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Review: Horse racing doc ‘Chasing the Win’ shows it’s all about heart in the end

Carl O’Callaghan gives Kinsale King some Guinness beer in the documentary “Chasing the Win.” Credit:
Trainer Carl O’Callaghan gives Kinsale King a pint of Guinness beer in the documentary “Chasing the Win.”
(Indie Rights)

The serviceable, behind-the-scenes documentary “Chasing the Win” follows a $20,000 Kentucky-bred gelding called Kinsale King as it competed in high-stakes international events against horses that cost up to 500 times more at auction. Directed by Laura Sheehy (whose father, Patrick Sheehy, is the horse’s pragmatist owner) and Chris Ghelfi, the film provides an insider’s look at the quicksilver fortunes of King and his trainer, a quirky young Irishman named Carl O’Callaghan, as they rose to unexpected heights during the 2009-2011 racing seasons.

Fueled by eggs, hay and four pints of Guinness per day, Kinsale King trained and raced across three continents at such world-famous courses as Churchill Downs, Ascot in Britain and Dubai’s Meydan. Early success brought high expectations and the film emphasizes how difficult (not to mention expensive) it is to stay on top.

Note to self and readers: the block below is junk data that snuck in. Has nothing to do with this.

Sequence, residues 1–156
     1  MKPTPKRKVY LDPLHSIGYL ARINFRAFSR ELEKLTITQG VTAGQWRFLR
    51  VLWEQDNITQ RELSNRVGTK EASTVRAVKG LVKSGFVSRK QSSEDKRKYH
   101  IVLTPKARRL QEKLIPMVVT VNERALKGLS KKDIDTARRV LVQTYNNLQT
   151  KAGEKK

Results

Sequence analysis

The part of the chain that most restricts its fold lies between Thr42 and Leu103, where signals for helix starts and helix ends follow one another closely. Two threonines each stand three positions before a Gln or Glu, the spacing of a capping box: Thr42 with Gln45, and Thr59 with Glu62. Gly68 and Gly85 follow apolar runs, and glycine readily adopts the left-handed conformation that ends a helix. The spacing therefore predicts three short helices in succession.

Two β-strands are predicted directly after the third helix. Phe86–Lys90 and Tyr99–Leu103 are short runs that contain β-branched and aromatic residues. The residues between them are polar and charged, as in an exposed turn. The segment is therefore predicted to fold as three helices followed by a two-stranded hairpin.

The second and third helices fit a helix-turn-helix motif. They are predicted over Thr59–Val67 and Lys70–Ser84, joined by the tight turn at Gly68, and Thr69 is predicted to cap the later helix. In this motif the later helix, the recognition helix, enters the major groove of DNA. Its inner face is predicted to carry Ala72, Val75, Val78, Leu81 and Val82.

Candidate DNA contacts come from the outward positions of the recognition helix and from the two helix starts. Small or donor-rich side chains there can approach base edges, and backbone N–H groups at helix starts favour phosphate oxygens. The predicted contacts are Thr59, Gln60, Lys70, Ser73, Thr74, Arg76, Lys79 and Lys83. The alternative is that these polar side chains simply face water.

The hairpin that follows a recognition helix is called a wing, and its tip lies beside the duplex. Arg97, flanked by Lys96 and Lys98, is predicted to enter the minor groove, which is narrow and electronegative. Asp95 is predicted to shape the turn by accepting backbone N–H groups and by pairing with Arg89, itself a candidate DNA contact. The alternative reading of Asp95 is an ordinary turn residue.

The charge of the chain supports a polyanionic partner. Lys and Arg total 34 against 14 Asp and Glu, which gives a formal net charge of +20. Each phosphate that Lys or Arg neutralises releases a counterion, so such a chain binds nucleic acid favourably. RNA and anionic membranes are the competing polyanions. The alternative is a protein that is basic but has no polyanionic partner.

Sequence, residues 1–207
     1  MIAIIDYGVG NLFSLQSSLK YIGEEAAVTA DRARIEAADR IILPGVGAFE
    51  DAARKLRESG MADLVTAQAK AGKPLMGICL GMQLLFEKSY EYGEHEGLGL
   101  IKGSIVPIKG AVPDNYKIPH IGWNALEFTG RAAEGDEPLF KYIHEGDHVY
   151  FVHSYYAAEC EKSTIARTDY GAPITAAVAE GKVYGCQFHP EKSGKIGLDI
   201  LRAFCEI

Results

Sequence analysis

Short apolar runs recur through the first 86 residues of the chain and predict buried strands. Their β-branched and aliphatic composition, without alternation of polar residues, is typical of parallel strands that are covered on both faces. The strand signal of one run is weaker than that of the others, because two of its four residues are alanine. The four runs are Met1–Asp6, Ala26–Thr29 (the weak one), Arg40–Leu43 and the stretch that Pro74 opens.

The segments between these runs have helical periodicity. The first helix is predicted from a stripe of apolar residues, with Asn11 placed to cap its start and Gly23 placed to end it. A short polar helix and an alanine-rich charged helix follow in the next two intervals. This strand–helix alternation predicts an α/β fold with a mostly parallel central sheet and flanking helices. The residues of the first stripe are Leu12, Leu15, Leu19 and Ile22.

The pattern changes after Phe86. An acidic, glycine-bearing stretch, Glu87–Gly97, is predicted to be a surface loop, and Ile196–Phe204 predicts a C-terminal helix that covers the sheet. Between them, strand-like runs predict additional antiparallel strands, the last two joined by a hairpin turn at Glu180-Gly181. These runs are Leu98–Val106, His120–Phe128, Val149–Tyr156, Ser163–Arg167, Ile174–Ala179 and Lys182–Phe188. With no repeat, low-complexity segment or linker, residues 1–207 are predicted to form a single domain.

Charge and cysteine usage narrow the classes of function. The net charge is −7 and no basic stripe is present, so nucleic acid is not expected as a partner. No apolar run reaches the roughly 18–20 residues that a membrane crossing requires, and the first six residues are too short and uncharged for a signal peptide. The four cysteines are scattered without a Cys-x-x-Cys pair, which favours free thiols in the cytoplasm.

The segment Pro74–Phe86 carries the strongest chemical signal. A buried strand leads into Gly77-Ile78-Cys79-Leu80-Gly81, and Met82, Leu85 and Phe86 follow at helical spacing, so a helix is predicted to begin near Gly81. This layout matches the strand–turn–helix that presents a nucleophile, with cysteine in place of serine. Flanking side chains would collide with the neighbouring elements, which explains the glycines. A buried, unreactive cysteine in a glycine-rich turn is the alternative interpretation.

There was a bit of Irish luck in the U.S.-based Sheehy discovering — and taking a chance on — his countryman O’Callaghan in Southern California. Though not of high breeding, King had talent, and it turned out O’Callaghan was just the horseman to bring it out.

The film lags in the backstretch but the filmmakers make good use of Patrick Sheehy’s brother Denis, a natural skeptic and sage. Though practically everyone involved invokes a winning-is-everything sentiment, it’s clearly not entirely true. O’Callaghan and the Sheehys obviously care deeply for the animals they train and the film’s ending will leave a lump in the throat of even the most cynical viewer.

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‘Chasing the Win’

Not rated

Running time: 1 hour, 22 minutes

Playing: Starts Aug. 31, Arena Cinelounge, Hollywood

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